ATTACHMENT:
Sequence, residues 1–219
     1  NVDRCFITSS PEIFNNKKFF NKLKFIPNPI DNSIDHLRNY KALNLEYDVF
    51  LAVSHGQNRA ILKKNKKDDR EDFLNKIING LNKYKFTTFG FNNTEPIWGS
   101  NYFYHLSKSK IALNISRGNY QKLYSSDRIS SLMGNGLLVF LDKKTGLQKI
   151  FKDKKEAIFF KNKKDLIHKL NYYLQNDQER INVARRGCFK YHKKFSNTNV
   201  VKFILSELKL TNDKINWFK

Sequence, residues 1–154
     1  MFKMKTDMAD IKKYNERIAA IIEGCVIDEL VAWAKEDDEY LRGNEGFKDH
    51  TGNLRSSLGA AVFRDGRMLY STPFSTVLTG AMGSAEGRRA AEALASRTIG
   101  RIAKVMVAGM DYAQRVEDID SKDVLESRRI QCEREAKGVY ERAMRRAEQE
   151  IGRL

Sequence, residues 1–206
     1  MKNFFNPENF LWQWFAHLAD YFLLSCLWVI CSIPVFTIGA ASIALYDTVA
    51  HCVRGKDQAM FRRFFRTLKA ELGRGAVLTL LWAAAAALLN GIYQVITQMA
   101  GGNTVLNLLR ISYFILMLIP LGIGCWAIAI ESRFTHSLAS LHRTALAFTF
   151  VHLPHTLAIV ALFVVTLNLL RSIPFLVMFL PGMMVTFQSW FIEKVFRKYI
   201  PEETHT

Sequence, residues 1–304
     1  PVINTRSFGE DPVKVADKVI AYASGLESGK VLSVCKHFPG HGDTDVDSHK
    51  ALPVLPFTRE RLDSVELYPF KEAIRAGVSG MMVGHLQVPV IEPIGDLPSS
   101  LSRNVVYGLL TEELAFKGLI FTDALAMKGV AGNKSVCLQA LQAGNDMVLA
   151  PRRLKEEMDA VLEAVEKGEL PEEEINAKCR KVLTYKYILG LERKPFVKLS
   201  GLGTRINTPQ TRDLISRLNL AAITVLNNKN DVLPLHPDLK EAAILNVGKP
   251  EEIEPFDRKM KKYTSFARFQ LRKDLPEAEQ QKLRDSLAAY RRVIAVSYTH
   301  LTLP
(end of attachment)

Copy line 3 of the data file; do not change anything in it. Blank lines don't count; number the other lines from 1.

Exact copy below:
    51  LAVSHGQNRA ILKKNKKDDR EDFLNKIING LNKYKFTTFG FNNTEPIWGS